R. Dignum et justum est.


Vere quia dignum et justum est, aequum et salutare, nos tibi semper hic, et ubique gratias agere: Domine sancte, Pater omnipotens, aeternae Deus: per Christum Dominum nostrum: Per quem majestatem tuam laudant Angeli, venerantur Archangeli: Throni, Dominationes, Virtutes, Principatus, et Potestates adorant. Quem Cherubim, et Seraphim socia exsultatione concelebrant. Cum quibus et nostras voces, ut admitti jubeas deprecamur, supplici confessione dicentes: Sanctus, sanctus, sanctus Dominus, Deus Sabaoth. Pleni sunt caeli et terra gloria tua. Hosanna in excelsis. Benedictus qui venit in nomine Domini. Hosanna in excelsis.

Te igitur, clementissime Pater, per Iesum Christum Filium tuum Dominum nostrum, supplices rogamus ac petimus uti accepta habeas, et benedicas, haec dona, haec munera, haec sancta sacrificia illibata: Imprimis, quae tibi offerimus pro Ecclesia tua sancta catholica: quam pacificare, custodire, adunare, et regere digneris toto orbe terrarum: una cum famulo tuo Pontifice nostro N. et famulo tuo N. Imperatore nostro, sed et omnibus orthodoxis, atque catholicae, et apostolicae fidei cultoribus.

Memento, Domine, famulorum, famularumque tuarum et omnium circumstantium, quorum tibi fides cognita est, et nota devotio, pro quibus tibi offerimus: vel qui tibi offerunt hoc sacrificium laudis, pro se, suisque omnibus: pro redemptione animarum suarum, pro spe salutis, et incolumitatis suae: tibique reddunt vota sua aeterno Deo, vivo et vero.

Communicates, et memoriam venerates inprimis gloriosae semper Virginis Mariae, Genitricis Dei et Domini nostri Iesu Christi: sed et beatorum Apostolorum ac Martyrum tuorum, Petri et Pauli, Andreae, Iacobi, Ioannis, Thomae, Iacobi, Philippi, Bartholomei, Matthaei, Simonis et Thaddaei, Xysti, Laurentii, Hippolyti, Vincentii, Cornelii, Cypriani, Clementis, Chrysogoni, Ioannis et Pauli, Cosmae et Damiani, Apollinaris, Vitalis, Nazarii et Celsi, Protasii et Gervasii: et omnium Sanctorum tuorum; quorum meritis, precibusque concedas, ut in omnibus protentionis tuae muniamur auxilio. Per eumdem Christum Dominum nostrum. Amen.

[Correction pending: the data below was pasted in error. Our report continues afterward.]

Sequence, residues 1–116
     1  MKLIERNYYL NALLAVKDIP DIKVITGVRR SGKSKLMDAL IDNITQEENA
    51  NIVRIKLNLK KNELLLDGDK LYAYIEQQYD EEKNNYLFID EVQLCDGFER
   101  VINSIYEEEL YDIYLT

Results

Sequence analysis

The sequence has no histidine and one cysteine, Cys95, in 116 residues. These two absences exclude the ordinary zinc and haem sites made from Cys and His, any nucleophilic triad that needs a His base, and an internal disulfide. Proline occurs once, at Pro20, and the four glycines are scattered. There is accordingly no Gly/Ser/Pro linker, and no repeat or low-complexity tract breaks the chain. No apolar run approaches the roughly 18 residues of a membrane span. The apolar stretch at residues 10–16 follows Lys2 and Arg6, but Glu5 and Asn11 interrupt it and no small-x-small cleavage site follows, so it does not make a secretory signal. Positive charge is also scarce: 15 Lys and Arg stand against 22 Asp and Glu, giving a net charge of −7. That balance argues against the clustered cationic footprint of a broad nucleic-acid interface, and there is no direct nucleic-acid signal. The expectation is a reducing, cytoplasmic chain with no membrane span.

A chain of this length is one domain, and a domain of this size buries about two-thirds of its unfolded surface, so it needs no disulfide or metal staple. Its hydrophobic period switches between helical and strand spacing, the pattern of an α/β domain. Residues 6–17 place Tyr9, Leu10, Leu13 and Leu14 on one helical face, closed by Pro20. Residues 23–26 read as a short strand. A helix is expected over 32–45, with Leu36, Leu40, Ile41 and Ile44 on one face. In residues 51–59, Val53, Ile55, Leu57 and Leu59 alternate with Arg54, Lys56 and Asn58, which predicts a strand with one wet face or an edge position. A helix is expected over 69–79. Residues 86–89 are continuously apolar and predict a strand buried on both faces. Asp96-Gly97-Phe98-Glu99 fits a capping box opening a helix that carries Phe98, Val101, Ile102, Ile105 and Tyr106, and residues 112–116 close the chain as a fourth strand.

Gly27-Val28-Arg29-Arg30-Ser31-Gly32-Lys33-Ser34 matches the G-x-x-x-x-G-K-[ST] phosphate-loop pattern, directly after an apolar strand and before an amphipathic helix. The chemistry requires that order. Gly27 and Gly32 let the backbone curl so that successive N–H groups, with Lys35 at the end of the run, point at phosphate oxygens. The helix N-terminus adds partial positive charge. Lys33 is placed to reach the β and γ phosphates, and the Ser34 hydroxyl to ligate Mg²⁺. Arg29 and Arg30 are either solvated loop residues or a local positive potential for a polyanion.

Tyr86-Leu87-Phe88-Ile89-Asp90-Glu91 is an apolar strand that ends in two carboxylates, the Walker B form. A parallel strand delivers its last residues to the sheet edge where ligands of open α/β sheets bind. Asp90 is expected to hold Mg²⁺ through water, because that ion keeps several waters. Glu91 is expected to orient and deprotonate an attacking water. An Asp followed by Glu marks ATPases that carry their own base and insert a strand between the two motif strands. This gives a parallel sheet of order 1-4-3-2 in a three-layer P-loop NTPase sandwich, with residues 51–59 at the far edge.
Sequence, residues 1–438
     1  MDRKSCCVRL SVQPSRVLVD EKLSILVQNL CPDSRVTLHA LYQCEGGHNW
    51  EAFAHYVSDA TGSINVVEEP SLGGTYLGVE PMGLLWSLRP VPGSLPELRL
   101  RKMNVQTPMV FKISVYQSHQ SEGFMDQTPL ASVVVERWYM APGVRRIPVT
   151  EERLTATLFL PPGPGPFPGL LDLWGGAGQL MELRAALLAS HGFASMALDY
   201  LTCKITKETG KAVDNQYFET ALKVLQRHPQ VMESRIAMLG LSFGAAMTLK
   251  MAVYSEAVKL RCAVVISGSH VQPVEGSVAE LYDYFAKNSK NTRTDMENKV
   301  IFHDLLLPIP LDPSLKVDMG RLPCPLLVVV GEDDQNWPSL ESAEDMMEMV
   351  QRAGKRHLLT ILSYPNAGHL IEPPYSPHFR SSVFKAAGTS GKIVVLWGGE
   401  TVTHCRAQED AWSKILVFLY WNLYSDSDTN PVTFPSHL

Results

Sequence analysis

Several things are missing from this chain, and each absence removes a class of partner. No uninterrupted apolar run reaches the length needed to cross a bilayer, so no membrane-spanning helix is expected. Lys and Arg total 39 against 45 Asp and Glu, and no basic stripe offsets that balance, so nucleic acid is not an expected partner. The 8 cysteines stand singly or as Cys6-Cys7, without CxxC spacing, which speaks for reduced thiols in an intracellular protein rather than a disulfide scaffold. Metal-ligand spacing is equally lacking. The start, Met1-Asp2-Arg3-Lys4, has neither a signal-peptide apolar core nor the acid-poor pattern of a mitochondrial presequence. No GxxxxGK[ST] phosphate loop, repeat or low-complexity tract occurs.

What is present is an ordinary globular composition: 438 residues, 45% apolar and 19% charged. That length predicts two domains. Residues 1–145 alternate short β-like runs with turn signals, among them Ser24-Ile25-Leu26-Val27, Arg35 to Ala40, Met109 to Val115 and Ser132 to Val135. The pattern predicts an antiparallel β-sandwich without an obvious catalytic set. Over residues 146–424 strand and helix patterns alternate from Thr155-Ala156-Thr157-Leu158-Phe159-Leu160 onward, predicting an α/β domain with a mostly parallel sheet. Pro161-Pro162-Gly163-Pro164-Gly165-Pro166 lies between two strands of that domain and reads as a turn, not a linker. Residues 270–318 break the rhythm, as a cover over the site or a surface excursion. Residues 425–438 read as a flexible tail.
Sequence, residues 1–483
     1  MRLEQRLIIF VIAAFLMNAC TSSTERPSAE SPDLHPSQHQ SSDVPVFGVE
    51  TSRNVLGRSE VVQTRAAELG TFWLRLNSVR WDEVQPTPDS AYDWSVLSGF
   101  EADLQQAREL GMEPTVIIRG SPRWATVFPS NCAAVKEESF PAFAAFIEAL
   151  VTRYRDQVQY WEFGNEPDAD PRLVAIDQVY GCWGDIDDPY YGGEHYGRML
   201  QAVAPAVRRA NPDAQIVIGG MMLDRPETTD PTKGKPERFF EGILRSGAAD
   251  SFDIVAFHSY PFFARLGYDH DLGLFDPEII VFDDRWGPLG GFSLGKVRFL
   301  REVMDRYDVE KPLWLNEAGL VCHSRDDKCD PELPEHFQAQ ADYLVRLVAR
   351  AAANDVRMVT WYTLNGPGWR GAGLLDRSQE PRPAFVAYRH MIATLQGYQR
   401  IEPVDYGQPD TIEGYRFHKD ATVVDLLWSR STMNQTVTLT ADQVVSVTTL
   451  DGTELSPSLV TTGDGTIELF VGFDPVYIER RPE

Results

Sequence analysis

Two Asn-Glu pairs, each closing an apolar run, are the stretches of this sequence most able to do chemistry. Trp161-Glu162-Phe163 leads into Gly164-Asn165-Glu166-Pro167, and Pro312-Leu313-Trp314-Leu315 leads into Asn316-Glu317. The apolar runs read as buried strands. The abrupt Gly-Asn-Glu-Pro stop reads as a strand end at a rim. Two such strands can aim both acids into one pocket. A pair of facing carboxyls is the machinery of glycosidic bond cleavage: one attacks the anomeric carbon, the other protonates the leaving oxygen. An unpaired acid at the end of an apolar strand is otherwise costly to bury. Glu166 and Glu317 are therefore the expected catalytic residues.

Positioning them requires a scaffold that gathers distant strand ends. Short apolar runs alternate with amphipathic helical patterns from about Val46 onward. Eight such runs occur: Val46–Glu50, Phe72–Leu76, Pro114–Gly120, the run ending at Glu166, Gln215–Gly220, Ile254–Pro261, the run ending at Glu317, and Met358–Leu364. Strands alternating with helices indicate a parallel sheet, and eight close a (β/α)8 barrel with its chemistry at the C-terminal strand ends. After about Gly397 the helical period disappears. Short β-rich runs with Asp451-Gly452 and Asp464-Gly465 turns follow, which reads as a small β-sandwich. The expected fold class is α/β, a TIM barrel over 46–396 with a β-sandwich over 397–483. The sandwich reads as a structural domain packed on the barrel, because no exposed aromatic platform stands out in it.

Hanc igitur oblationem servitutis nostrae, sed et cunctae familiae tuae, quaesumus Domine, ut placatus accipias: diesque nostros in tua pace disponas, atque ab aeterna damnatione nos eripi, et in electorum tuorum iubeas grege numerari: Per Christum Dominum nostrum. Amen.

Quam oblationem, quam pietati tuae offerimus, tu, Deus, in omnibus, quaesumus, benedictam, ad†scriptam, ra†tam, rationabilem, acceptabilemque facere digneris: ut nobis Corpus, et San†guis fiat dilectissimi Filii tui Domini nostri Iesu Christi.

Qui pridie quam pateretur, accepit panem in sanctas, ac venerabiles manus suas: et elevatis oculis in caelum ad te Deum Patrem suum omnipotentem, tibi gratias agens, benedixit, fregit, deditque discipulis suis, dicens: Accepite, et manducate ex hoc omnes. HOC EST ENIM CORPUS MEUM [quod pro vobis confringetur].

Simili modo postquam coenatum est, accipiens Calicem, elevavit oculos ad coelos ad te Deum Patrem suum omnipotentem: item tibi gratias agens benedixit deditque discipulis suis, dicens: Accipite, et bibite ex eo omnes. HIC EST ENIM CALIX SANGUINIS MEI, NOVI ET AETERNI TESTAMENTI: MYSTERIUM FIDEI: QUI PRO VOBIS ET PRO MULTIS EFFUNDETUR IN REMISSIONEM PECCATORUM.